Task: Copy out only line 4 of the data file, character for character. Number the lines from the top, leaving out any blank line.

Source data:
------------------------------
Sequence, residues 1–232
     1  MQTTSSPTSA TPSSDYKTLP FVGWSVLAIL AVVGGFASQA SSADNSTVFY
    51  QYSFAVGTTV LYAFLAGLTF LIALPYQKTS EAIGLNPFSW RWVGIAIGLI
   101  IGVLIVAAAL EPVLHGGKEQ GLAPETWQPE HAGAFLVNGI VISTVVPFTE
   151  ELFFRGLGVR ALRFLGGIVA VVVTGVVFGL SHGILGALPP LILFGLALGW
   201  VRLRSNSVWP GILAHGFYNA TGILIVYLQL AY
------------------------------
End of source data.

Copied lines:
   101  IGVLIVAAAL EPVLHGGKEQ GLAPETWQPE HAGAFLVNGI VISTVVPFTE